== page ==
The holy has been defined existentially and sociologically, and churches too often allow their expectations regarding holiness to be prompted by existential aspirations or the social mores of the Christian community. Perhaps it is not surprising that many view holiness as accidental or expendable, even as a legalistic and conformist posture opposed to the freedom of the gospel. But sanctification is one of the gifts of the gospel of Jesus Christ, so we must think about the way in which he makes his redeemed holy as a grace. Sanctification, the latest volume in the New Studies in Dogmatics series, patiently defines holiness in theological terms by tending to its connections with core Christian doctrines such as the character of God, the nature of creation, and the covenantal shape of life with God. It then considers the ways in which the gospel of Jesus not only prompt us to holy action but provides holiness as one of its blessings. Finally, it attends to the ways in which the gift of sanctification relates to various human instruments and means, so that we can appreciate its connection to human nature, creaturely responsibility, and the pedagogy of exemplars and of law. Sanctification offers a Christ-centered account of sanctification by viewing the doctrine within its wider canonical and creedal context, hoping to bring its distinctly Christian definition and thoroughly gracious character into greater relief.
“Therefore, holiness is not only a task but also a gift. It is not only a calling but also a reality evoked by God’s declaration. It is not only the vocation of the Christian, but it is also integral to the inheritance enjoyed in Christ. Holiness is an expectation from us as well as a startling result of God’s election of us.” (Page 29)
“work out your own salvation.’ In these words, perseverance or endurance is commended” (Page 233)
“Thus, all creaturely holiness is communicated holiness in the same way that creaturely life is communicated life” (Page 87)
“My suggestion is that an evangelical account of the holy requires a steady focus upon the holiness of God, that is, the holiness of the inner triune life, so that its communication to creatures can be registered as truly gracious, that is, miraculous and free. In addition, to appreciate the christological context of the holy and of the ethical life requires attention not only to the past tense of the gospel but also to its present and future tenses, which are the continuing ministry of the risen Christ by his Spirit and its promised completion in glory.” (Page 23)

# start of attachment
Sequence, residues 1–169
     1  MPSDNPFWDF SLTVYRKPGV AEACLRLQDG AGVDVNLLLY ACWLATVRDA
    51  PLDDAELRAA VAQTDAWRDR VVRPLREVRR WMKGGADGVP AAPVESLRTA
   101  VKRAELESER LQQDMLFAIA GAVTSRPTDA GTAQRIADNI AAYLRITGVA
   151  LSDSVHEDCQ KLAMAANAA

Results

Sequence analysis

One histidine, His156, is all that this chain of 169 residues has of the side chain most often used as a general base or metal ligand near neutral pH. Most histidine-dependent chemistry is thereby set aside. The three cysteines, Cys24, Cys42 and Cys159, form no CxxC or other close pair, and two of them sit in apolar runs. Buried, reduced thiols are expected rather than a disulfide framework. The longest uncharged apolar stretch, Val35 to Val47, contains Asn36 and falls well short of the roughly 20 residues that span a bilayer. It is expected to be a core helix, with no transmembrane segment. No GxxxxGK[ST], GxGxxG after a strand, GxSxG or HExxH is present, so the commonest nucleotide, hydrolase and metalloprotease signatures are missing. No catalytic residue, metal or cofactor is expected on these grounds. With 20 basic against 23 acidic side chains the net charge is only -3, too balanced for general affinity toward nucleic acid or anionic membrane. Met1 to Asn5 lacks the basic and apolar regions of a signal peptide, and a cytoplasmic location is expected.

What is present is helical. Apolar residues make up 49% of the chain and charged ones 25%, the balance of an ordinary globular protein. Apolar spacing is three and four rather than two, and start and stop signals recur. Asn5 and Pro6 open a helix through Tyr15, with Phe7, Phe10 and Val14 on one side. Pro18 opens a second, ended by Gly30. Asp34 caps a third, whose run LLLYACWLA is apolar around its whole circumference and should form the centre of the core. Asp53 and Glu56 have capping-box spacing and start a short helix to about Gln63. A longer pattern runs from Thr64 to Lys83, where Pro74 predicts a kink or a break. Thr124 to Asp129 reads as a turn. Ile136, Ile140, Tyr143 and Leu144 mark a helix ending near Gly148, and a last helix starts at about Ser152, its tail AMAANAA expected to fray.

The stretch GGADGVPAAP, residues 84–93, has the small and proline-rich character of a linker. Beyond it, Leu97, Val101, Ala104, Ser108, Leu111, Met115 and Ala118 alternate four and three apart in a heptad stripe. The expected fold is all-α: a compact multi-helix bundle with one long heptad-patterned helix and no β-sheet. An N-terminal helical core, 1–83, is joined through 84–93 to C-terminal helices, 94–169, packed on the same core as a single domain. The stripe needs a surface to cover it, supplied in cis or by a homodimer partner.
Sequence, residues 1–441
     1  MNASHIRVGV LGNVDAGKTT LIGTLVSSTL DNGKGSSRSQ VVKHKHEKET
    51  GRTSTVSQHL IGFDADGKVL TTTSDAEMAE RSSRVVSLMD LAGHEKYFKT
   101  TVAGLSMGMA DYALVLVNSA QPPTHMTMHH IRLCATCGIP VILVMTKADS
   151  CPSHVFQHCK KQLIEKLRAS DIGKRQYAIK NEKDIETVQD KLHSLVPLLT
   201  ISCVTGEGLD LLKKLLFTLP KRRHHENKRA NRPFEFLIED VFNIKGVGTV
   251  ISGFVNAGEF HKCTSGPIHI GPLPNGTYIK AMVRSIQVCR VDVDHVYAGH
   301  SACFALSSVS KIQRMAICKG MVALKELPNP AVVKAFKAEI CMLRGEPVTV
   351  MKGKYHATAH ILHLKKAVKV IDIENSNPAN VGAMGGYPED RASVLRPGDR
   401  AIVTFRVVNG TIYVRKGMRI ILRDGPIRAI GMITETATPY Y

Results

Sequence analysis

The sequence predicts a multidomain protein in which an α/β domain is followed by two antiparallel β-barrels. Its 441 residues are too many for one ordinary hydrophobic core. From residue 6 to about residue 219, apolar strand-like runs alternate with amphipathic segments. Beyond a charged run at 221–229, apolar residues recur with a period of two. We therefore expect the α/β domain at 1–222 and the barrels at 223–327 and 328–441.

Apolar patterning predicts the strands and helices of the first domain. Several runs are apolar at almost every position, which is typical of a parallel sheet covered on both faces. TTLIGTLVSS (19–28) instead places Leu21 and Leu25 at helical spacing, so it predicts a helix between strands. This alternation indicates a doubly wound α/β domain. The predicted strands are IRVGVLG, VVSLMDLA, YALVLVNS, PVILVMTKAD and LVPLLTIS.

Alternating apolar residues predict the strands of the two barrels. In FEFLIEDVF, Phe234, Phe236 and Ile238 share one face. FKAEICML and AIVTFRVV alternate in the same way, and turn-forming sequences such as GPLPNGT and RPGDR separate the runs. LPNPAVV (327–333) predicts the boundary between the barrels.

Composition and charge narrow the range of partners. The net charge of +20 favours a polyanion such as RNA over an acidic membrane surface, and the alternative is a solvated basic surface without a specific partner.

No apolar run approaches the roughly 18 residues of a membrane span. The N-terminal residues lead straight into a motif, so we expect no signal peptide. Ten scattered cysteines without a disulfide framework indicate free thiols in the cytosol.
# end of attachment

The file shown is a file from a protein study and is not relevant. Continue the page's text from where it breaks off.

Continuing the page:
“Divine action, specifically as it takes shape through the grace of the incarnate Son, will be the only realm within which such endurance appears. Divine action will be the instrument by which such perseverance fights on. Here Christ’s grace and the enduring grit of human perseverance find harmonious depiction.” (Page 235)
R. Michael Allen teaches systematic (or dogmatic) theology and theological ethics as a way to train students to delight in the study of God’s mighty deeds (Psalm 111:2). He hopes that integrated study of Bible and theology will help students prepare for faithful ministry in the local church by considering our worship and witness in light of God’s Word. He is especially interested in how Christian doctrine relates to other theological disciplines: biblical theology, historical theology, and moral theology. He grew up in both the South and in South Florida as the son of a Presbyterian pastor. He is presently a candidate for ordination as a teaching elder in the Evangelical Presbyterian Church.
In addition to his work in the seminary, he enjoys serving in local churches: teaching classes for children and adults, preaching, and working in the nursery. Prior to joining the faculty at Knox, he taught undergraduate and graduate students at Wheaton College for two years. He has also been active in the American Academy of Religion, the Evangelical Theological Society, and the Society of Biblical Literature.